quick intro and a diamondback

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nicnmike
Posts: 3
Joined: March 30th, 2017, 9:06 am

quick intro and a diamondback

Post by nicnmike » April 7th, 2017, 11:16 am

Hi, I'm Mike from Gainesville, FL. I've always loved exploring the outdoors- mostly concentrating on plants, bugs and some native fish. I've recently decided I should learn how to search for snakes. I feel like it's a bit of an art form. I'm always looking now and every once in awhile I spot one. This one, from this morning, was pretty easy because it was right out in the road. It looks like it must've just eaten. I snapped a few shots and left, so not to stress it too much. I'm also planning to setup a pitfall and drift fence in a wooded area in my backyard. I know we have red rat snakes, coral snakes and black racers around as well as lots lizards, skinks, frogs and toads. It will be interesting to see, plus I have a 6 and 8 year old who will be totally into it (and hopefully will help dig the holes).

I'd love to meet other folks in the area who have more experience at locating and handling snakes. It isn't my plan to handle every snake I find, but it would be cool to learn how to handle them properly for their sake and mine. I've got a few ideas of where to go to find some, so I wouldn't be stealing your spots! Plus I like camping, have a small boat and an older 4WD 4runner, so I can get us places.

Hopefully the image link works.
https://goo.gl/photos/CybVmAfxqdx8PZqHA

I'll have to work on attaching the image. Here's the link

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mtratcliffe
Posts: 533
Joined: January 19th, 2014, 4:34 pm
Location: Springfield, VA

Re: quick intro and a diamondback

Post by mtratcliffe » April 7th, 2017, 4:20 pm

Welcome to the forums, Mike! There are a few herpers on here in your part of Florida, including Gainesville.

I recommend using Flickr for posting photos on here. There's an option to link a URL using BB Code, which will embed the image to your post.

- Matt

simus343
Posts: 566
Joined: March 30th, 2014, 12:16 pm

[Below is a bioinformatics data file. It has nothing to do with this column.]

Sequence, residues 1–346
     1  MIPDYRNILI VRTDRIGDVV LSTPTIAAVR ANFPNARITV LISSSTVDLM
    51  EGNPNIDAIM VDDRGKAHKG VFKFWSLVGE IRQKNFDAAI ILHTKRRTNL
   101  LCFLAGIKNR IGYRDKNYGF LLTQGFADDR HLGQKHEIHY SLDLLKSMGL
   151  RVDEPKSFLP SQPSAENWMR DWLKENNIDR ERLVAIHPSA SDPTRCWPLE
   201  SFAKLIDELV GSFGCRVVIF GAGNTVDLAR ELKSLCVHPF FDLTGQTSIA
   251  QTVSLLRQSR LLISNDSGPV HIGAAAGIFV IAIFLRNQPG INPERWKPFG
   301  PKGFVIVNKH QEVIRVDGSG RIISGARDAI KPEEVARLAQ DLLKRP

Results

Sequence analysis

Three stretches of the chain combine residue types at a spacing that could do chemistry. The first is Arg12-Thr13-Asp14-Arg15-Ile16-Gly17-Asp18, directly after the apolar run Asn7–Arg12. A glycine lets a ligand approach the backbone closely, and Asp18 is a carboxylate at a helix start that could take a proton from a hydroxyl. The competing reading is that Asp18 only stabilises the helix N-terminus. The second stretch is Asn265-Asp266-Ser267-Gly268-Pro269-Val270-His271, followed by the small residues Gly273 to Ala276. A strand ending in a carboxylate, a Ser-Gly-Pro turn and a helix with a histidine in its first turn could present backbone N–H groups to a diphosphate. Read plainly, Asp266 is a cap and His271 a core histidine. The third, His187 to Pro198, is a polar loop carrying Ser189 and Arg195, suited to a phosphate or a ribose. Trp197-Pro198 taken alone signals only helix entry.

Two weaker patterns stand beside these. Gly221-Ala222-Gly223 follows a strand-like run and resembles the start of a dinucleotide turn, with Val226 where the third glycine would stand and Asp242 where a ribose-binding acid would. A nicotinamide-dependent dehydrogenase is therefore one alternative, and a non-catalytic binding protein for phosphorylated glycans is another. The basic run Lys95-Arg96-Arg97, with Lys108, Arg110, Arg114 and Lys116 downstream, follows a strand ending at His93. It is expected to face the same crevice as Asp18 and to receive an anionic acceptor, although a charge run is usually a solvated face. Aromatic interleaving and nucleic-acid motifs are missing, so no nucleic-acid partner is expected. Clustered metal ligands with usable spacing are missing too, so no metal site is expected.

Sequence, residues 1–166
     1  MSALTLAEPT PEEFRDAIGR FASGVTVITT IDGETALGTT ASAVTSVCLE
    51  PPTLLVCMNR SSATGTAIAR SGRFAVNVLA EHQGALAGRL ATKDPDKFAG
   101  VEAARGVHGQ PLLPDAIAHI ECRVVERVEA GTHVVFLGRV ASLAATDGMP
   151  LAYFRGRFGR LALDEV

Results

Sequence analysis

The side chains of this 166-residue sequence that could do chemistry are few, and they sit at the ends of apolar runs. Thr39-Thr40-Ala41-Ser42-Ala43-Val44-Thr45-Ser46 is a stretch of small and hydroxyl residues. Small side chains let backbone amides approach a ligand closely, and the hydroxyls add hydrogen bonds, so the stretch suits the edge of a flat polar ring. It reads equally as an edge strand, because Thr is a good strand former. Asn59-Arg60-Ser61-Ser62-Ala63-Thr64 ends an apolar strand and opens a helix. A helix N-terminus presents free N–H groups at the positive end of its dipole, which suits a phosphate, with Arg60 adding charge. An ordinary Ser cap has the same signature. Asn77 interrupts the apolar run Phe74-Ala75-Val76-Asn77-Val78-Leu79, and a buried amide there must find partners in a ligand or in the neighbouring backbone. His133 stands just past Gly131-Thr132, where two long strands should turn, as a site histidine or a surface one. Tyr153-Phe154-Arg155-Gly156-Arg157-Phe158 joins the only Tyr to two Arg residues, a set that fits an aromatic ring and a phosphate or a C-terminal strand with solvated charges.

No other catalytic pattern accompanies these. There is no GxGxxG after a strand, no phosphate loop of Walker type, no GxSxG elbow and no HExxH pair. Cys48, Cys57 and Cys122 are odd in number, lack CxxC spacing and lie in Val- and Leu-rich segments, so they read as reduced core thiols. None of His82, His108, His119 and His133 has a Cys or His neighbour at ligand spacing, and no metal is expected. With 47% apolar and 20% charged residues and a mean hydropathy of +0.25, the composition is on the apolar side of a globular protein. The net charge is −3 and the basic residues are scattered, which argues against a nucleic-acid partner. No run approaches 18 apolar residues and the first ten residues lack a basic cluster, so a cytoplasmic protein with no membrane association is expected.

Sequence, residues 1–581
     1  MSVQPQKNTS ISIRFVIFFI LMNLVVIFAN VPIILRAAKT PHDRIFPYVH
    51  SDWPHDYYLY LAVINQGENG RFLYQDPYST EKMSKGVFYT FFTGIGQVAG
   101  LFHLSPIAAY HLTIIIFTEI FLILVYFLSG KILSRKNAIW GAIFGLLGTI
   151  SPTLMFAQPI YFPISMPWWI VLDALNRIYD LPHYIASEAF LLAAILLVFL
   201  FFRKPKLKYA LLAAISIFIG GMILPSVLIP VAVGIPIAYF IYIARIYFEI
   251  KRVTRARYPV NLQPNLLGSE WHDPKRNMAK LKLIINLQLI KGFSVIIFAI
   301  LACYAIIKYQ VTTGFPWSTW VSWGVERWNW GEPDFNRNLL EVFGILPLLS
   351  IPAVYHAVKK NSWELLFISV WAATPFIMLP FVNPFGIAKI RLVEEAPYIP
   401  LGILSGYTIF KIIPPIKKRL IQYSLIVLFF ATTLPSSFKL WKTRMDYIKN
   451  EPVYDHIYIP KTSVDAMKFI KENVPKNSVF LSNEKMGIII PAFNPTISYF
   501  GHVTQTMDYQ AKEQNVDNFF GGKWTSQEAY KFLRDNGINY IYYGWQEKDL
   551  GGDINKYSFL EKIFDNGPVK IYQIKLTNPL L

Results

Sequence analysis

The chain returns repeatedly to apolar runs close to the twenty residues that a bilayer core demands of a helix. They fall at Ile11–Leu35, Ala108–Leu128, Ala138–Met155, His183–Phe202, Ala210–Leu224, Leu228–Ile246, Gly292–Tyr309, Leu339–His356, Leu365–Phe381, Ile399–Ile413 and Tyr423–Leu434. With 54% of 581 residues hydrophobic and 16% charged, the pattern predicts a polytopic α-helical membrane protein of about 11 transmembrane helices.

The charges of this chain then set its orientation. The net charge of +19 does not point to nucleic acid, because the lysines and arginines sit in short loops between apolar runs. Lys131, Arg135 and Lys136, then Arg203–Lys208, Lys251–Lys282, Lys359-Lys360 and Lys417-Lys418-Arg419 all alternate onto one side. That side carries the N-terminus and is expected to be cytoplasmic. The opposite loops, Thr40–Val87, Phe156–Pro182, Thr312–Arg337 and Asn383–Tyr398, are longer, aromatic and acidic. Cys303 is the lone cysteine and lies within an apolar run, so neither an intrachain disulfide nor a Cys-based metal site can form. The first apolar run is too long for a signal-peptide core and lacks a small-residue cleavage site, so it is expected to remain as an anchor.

Location: Okaloosa ca, Fla.

Re: quick intro and a diamondback

Post by simus343 » April 7th, 2017, 7:19 pm

Welcome to the world of herping Mike. One caution that I would say with pitfalls is always close them off if you're going to be gone from home for over a day or can't check them. Small animals will get stuck in there and can drown if it rains and doesn't fill the bucket to an overflow point. Pitfalls can also harm animals like turtles as they can get over-turned and get cooked, even with only partial sunlight. Not to mention it's a buffet for a raccoon or opossum. I would suggest using funnel traps instead of pitfalls. Funnel traps are also better at trapping any larger snakes that come through.

Also the photo worked, that's a nice Diamondback. :)

nicnmike
Posts: 3
Joined: March 30th, 2017, 9:06 am

Re: quick intro and a diamondback

Post by nicnmike » April 10th, 2017, 6:08 am

simus343 wrote:Welcome to the world of herping Mike. One caution that I would say with pitfalls is always close them off if you're going to be gone from home for over a day or can't check them. Small animals will get stuck in there and can drown if it rains and doesn't fill the bucket to an overflow point. Pitfalls can also harm animals like turtles as they can get over-turned and get cooked, even with only partial sunlight. Not to mention it's a buffet for a raccoon or opossum. I would suggest using funnel traps instead of pitfalls. Funnel traps are also better at trapping any larger snakes that come through.

Also the photo worked, that's a nice Diamondback. :)

Thanks! Yeah, I did some reading on this and I knew not to leave the traps unattended for any period of time and to be cautious of rain and the sun. I actually didn't think about it being a food trough for raccoons and opossums. My plan now is to cover the buckets with a board and use pieces of 2x4 to make a 2" or 3" gap. I then plan on putting something heavy, like cinder blocks on the boards to keep the bigger critters out. And when I'm not using the traps, I can jut flip the boards over and to seal the buckets. We also have lots of armadillos around, so this would keep them from falling in too. This is a rather residential area, but still fairly wooded. I really only expect to catch smaller snakes and lizards. Plus it's our dry season, so I haven't seen much of anything out other than the usual brown anoles. But not seeing is not the same as not knowing!

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